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Microsoft Expected to Build 3 Million Surface Tablets, IDC Says

by Todd Haselton | August 21, 2012August 21, 2012 11:00 am PDT

Microsoft-Secret-Surface-Event-steve-tablet

Microsoft wants to make a big splash with its Windows 8 and Windows RT surface tablets; it has to in order to show its partners that the devices are capable of competing against the big boys in the tablet market. Research from IDC suggests that Microsoft is building 3 million tablets for launch this year. In an interview with CNET, IDC analyst Bob O’Donnell explained his thoughts on how much IDC thinks the tablet will cost and why Microsoft needs to be careful about its price point. As a reminder, earlier rumors suggested the Windows RT tablets could launch for as little as $199.

O’Donnell said he thinks Microsoft is building “a little over 3 million” x86 and ARM powered tablets for launch in 2012. “If they build a few million units there’s no way they can sell it through Microsoft store only,” O’Donnell told CNET, which suggests that Microsoft will line up other retail partners and, possibly, carriers. “So I think that they’ll sell it through traditional retail also. You can’t build that many products without having a much wider distribution strategy. They just haven’t shared that yet.”

As for the $199 price rumor, O’Donnell seems to suggest that will only be possible through a carrier subsidy or with special deals. Oddly enough, however, AT&T stopped subsidizing its tablets yesterday, so it’s likely we won’t see the subsidy from them. “There could be two ways to get Surface. Buy it outright for, let’s say, $599. Or $199 for a two-year subscription and you can get X,Y, and Z — which, oh, by the way, works out to more than $599,” O’Donnell explained. He also said that the possibility of consumers having to pay a monthly fee for the tablet could turn out to be a “nightmare” and pointed to the failure of that model when netbooks launched.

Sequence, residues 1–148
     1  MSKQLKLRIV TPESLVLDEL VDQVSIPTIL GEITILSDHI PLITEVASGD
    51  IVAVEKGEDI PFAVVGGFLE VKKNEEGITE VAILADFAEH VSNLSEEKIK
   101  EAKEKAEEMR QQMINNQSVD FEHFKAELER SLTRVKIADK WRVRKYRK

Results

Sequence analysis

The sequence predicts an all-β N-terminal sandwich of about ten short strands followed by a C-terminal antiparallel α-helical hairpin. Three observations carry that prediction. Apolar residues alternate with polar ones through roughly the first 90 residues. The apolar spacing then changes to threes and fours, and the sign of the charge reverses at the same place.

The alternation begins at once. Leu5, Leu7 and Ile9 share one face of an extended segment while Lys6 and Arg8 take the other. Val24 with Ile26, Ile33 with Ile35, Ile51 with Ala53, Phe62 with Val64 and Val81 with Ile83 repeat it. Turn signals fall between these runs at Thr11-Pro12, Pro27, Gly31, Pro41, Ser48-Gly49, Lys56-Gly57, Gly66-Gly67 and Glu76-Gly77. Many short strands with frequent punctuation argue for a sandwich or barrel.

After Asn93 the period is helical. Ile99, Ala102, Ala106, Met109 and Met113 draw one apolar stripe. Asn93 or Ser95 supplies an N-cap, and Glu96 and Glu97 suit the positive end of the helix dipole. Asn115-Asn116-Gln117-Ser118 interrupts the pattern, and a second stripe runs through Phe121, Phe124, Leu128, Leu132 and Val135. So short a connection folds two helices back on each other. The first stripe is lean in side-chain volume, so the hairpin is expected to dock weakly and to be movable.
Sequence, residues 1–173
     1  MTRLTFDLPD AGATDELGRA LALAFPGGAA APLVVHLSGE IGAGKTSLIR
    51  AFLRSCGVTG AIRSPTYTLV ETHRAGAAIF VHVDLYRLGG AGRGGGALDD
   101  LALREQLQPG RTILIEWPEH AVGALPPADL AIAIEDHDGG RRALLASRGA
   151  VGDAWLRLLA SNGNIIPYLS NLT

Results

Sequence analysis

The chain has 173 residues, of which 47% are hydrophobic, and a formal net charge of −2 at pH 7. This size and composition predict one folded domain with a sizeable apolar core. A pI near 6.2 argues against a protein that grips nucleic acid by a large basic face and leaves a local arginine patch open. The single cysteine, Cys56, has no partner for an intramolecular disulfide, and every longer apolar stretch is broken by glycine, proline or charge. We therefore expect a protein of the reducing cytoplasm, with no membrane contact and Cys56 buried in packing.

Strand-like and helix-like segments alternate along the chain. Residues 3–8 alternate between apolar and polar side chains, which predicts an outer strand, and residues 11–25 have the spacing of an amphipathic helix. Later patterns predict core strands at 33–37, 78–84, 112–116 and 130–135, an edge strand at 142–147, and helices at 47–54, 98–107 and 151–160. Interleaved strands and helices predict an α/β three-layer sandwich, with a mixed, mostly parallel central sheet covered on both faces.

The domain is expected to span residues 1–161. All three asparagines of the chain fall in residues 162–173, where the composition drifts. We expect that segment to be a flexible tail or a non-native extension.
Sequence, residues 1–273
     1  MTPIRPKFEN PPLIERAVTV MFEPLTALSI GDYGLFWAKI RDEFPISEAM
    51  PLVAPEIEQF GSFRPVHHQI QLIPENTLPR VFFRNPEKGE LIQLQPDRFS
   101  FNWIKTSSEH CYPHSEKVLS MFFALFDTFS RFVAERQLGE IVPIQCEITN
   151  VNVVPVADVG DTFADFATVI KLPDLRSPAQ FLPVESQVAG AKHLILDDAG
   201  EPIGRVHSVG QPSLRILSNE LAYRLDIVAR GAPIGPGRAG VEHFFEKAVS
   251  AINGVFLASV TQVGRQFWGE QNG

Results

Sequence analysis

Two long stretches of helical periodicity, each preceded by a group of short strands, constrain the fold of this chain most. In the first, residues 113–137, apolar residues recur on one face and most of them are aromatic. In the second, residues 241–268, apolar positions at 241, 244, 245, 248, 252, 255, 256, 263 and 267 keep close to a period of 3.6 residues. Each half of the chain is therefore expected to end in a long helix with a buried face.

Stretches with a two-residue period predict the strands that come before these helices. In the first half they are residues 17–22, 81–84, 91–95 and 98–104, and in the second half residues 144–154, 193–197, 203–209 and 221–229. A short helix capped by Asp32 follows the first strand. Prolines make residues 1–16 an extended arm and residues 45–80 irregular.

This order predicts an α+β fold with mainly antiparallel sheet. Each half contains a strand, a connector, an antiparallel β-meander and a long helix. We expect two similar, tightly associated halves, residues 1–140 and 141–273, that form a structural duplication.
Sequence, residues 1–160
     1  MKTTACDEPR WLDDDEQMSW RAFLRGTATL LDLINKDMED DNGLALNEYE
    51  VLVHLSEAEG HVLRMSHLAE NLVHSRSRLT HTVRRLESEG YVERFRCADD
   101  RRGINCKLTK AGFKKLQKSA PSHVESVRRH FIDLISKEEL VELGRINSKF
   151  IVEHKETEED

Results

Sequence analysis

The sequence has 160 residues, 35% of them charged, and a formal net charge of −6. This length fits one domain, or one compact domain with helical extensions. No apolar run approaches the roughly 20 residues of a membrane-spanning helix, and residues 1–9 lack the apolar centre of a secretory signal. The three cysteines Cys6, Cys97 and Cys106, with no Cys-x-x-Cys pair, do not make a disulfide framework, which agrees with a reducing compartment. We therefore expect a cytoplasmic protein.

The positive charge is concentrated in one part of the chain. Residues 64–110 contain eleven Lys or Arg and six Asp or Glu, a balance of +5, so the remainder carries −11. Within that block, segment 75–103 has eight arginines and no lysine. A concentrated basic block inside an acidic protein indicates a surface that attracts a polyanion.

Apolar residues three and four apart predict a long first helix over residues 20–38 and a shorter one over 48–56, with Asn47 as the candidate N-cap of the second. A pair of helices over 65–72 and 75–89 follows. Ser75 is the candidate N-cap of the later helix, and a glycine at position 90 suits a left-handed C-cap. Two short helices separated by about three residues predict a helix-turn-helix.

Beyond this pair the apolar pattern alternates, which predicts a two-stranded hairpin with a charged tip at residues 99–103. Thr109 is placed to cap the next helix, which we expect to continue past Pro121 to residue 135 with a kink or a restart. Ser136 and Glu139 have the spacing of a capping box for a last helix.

As we argued, the $199 price point could be dangerous for Microsoft, especially because it would undercut Microsoft’s other partners, which have already expressed frustration with the company’s move to build its own hardware. “Let’s say there are four competitors,” O’Donell suggested to CNET. “In a fair world the price is about the same and they each sell 25 percent. But at $199 Microsoft sells 100 percent and everyone else sells almost zero. If you undercut their prices then all of those licenses you would have sold through [partners] don’t get sold.”

[via CNET]


Todd Haselton

Todd Haselton has been writing professionally since 2006 during his undergraduate days at Lehigh University. He started out as an intern with...

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